In entering into contracts under this subsection, the Director [of OPM] shall ensure that with respect to multi-State qualified health plans offered in an Exchange, there is at least one such plan that does not provide coverage of services described in section 1303(b)(1)(B)(i). (Emphasis added).
The cited section refers to the ACA’s description of the Hyde Amendment regarding abortions that may be covered: those for reasons of rape and incest and a narrow set of conditions regarding physical threat to the life of the mother.
The ACA also included a provision, Section 1303(a)(1), making clear that state legislatures, some of which already had laws in place barring every health insurer in the state from offering abortion in any plans marketed and sold there, could adopt new opt-out legislation barring plans that cover elective abortions from participation in their state’s exchanges. Five states adopted this exchange abortion limit in 2010, and since then the number of states doing so has grown to 23. Twenty-seven states and the District of Columbia currently have no such limitation.
On March 1 of this year, the Office of Personnel Management issued its final rule on the MSPs, acknowledging that a decision by a state to exclude abortion-covering plans from its exchange will apply to any and all MSPs offered in that particular state. Section 800.602(b) of the rule, titled “State Opt-Out,” simply says, “An MSP may not offer abortion coverage in any State where such coverage of abortion services is prohibited by State law.” That states can block all qualified insurers, including MSPs, from their exchanges if they cover elective (non-Hyde) abortions is clear. But a strong case can be made that Section 1303(b)(1)(B)(1)’s reference to excluding abortion coverage can be read, in conjunction with other provisions of federal health law, to forestall the Obama Administration from seeking to compel any private insurance company to include elective abortion in its MSP.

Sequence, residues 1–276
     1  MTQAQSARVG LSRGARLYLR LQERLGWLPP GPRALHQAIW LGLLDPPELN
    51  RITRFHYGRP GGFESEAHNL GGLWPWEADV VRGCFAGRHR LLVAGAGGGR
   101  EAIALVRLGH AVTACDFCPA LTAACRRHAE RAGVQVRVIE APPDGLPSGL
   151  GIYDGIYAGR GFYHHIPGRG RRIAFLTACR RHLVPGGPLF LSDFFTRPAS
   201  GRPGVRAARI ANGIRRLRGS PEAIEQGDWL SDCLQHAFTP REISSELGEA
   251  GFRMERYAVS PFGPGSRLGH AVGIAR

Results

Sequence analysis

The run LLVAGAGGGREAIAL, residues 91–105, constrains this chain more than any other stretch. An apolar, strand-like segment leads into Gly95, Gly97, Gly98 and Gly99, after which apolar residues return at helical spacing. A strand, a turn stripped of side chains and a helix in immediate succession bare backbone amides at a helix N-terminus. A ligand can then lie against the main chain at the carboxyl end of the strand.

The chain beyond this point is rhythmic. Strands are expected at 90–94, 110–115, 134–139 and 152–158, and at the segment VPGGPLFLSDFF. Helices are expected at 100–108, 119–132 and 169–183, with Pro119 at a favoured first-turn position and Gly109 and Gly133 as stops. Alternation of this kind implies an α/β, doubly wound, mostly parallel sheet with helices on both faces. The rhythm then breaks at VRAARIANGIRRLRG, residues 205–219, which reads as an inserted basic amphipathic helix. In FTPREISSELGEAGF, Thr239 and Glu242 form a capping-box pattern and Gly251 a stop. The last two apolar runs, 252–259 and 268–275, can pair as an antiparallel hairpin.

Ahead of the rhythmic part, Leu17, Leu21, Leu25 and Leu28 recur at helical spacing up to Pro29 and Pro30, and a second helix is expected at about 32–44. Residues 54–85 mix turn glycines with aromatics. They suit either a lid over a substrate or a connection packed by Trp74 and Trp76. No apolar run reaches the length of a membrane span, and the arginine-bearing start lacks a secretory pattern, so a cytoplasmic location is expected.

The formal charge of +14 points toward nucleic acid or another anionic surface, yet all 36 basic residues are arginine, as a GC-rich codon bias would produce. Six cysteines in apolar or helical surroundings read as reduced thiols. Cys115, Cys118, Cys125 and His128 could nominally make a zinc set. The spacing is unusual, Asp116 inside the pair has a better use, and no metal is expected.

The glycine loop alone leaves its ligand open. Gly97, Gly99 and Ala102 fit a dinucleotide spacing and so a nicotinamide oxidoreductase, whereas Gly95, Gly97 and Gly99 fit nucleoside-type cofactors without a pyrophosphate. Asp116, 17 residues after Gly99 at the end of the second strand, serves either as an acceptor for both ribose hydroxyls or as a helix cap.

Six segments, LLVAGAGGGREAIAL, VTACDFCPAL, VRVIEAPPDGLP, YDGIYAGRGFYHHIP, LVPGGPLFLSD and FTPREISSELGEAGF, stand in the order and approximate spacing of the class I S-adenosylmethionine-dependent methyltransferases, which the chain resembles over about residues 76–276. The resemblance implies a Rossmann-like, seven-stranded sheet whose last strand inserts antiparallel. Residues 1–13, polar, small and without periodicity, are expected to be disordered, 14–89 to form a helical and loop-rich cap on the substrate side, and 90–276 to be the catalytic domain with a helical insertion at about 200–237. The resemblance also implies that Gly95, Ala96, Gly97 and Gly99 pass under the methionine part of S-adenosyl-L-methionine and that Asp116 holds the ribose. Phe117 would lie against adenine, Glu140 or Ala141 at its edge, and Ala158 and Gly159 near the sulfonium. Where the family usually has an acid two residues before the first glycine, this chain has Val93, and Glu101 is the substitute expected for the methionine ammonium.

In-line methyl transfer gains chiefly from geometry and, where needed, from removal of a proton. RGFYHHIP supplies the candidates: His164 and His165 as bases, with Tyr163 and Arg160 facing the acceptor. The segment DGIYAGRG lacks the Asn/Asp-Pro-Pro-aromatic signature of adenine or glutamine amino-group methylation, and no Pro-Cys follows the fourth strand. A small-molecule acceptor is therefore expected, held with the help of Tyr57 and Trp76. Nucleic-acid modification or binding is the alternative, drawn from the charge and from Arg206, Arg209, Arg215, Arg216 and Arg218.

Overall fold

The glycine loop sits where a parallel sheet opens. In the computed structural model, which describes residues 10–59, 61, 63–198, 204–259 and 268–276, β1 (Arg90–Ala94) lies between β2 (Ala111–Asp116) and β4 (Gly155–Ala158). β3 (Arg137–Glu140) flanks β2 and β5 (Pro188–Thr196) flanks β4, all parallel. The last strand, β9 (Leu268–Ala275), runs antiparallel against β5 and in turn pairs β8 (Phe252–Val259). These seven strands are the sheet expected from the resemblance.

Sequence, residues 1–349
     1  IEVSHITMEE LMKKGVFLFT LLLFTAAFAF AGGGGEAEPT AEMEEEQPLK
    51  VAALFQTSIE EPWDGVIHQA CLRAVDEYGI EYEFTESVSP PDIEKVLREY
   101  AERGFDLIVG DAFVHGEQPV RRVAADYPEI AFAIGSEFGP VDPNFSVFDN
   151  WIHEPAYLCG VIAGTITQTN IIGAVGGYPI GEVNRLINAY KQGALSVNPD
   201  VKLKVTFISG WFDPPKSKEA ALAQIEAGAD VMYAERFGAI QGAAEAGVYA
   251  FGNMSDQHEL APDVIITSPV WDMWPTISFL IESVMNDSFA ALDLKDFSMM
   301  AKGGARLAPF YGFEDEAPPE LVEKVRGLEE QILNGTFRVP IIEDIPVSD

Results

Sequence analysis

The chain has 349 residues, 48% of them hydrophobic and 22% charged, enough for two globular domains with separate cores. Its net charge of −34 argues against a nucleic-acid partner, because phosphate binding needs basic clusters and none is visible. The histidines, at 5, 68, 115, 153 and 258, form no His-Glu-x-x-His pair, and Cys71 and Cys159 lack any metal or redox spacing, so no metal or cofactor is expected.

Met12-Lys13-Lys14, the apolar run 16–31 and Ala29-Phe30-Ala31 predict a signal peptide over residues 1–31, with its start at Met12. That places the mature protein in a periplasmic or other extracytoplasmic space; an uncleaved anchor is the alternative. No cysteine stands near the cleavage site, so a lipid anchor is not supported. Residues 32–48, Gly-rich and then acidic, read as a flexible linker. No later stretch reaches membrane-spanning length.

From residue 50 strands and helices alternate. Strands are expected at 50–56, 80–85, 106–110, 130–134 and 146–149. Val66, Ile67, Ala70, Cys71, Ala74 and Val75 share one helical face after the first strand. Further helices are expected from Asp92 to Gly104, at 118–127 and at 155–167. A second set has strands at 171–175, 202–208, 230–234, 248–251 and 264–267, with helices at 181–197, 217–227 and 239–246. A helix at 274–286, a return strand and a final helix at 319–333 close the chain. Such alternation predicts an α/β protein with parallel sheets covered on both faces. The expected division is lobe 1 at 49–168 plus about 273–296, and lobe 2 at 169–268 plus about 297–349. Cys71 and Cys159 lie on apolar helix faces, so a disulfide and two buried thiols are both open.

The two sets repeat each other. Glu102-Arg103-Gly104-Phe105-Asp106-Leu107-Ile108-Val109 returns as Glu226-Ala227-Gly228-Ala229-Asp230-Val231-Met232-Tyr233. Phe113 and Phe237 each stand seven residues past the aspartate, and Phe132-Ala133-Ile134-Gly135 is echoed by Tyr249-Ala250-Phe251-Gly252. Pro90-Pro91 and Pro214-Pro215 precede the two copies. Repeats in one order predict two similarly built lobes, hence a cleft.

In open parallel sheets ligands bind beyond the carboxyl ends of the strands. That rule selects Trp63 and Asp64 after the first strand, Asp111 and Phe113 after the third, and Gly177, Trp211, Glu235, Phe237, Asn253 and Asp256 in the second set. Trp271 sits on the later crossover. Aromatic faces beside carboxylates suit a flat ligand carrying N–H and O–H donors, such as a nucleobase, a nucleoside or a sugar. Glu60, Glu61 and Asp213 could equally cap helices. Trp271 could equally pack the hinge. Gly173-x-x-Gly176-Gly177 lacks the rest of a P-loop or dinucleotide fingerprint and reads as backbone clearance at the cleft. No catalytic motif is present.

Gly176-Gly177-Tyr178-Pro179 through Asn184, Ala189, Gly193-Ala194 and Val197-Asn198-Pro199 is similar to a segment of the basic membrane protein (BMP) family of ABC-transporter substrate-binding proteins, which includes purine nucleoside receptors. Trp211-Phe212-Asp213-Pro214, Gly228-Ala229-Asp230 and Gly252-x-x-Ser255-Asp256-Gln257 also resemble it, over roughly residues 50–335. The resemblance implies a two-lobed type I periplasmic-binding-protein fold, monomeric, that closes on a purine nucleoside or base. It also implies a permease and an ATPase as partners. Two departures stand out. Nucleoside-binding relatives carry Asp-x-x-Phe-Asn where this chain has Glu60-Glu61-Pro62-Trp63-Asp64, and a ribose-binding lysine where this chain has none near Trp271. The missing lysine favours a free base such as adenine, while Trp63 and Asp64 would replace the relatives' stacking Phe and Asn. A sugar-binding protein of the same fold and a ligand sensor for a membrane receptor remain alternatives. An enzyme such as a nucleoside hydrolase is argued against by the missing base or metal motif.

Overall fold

by Chad Bird
They walked to the gallows together, pastor and penitent. Each step up took them closer to the fall—the abbreviated, fatal fall to come. As the criminal stood above the trapdoor that, moments later, would open to rope him into eternity, an officer asked him if he had any final words. “I place all my confidence in the Lamb who made atonement for my sins,” he said. “May God have mercy on my soul.”
Then, turning toward the man who had been the shepherd of his soul during his incarceration—the man who had been his confessor, his preacher, and the one from whose hand he had received the body and blood of Jesus in the Lord’s Supper, he said, “I’ll see you again.” Then noosed, hooded in black, and legs tied, he dropped out of this world into another.
Shepherd Among Hitler’s Wolves
No doubt many condemned men throughout history have found repentance and faith when certain death looms nigh. What makes this story remarkable is that this man, along with many others hanged that day, was among the most hated men in human history, guilty of atrocities so horrific only words forged in hell could adequately describe them. These were Hitler’s men. His closest confidants. His very own pack of wolves.
Yet in the months leading up to their executions or imprisonments, many of them had been transformed from Hitler’s wolves into Christ’s lambs thanks to the ministry of a former farm boy from Missouri. This pastor reluctantly agreed to be the chaplain of the 15 Protestant war criminals during the Nuremberg trials at the close of World War II.
Henry Gerecke was in his early 50s when he went, cell by cell, to introduce himself to his infamous “congregation” and to invite them to chapel services. Some refused, others wavered, and still others promised to be there. Of the 15 chairs set up for the first service, 13 of them were filled. Scriptures were read, sermons preached, hymns sung, prayers offered. And, through it all, hearts were changed.
Soon some of the very lips that had once barked, “Heil Hitler!” spoke a repentance-confessing, faith-affirming “Amen!” as they knelt to eat and drink the body and blood of their forgiving Lord. They expressed a desire for their children to be baptized. One of them, though he began reading the Bible to find justification for his unbelief, ended up being led to faith by the same divine words.
So reliant did these men become upon their pastor that, when a rumor surfaced that he might be relieved of his duty and allowed to return home, they wrote a letter to Mrs. Gerecke, begging her to ask him to stay. On that letter were the signatures of all these former Nazis, men who had enjoyed power and rank, now humbly beseeching a housewife in America, who had not seen her husband for two and a half years, to let him stay. In her brief reply, “They need you,” is packed a whole volume about sacrifice and love.